Another pro-tip: get sized at a bike store, snag a cheaper used bike, and then, if the bike store staff were friendly and helpful, be sure to hit them up for repairs and replacement parts down the road.
If you buy a new bike online, though, be prepared to assemble it yourself. The internet is your friend here, with tutorials for days. But be aware that you can easily damage carbon frames, which are common on some bike types like road bikes.
At first, you might not know how to repair every part of your bike, or any part, but don't worry, it'll come with time and practice. You can easily get to the sweet spot of fixing simple pieces yourself, like brake pads and tires, or cleaning and oiling your bike chain.
But bike shops are your friend, and good ones can give you tips on repair work you can do yourself, and help you out with the trickier stuff.
The benefits of biking
Cycling is a really easy way to take climate action, because instead of burning fossil fuels and emitting greenhouse gases to get somewhere, you're outside, exercising, and having fun.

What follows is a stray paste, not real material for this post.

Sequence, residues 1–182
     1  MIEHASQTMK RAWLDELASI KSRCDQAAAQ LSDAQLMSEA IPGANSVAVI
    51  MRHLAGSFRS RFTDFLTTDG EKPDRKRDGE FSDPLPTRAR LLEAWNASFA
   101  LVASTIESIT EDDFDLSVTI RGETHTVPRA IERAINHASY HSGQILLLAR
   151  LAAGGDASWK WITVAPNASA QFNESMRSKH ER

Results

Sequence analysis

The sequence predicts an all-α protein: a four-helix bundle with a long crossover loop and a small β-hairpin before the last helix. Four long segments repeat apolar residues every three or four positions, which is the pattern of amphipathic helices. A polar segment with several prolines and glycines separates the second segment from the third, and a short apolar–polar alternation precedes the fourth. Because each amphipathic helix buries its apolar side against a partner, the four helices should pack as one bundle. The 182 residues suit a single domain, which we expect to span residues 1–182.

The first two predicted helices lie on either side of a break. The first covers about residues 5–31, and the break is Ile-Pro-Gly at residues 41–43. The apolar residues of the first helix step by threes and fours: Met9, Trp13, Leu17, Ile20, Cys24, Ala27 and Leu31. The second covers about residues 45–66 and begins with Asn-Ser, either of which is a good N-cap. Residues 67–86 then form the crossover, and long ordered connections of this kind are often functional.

If you exercise regularly, your body will thank you, with lower blood pressure, lower risk of heart disease, stroke, and cancer, and less risk of depression and obesity, says Harvard University.
And moving your body is an easy and fun way to give your mental health a boost, according to a report from the Dutch government, which is one of the most bike-friendly places in the world.
They found that people who regularly hop on a bike are more satisfied with life, stress less, feel more relaxed, and think of biking as a kind of freedom, compared to people stuck in cars.
No matter what bike you grab, or how you go on a ride, getting outside with a bicycle is a fun and easy way to do yourself and the environment a favor.
Cover photo: 123RF/kapu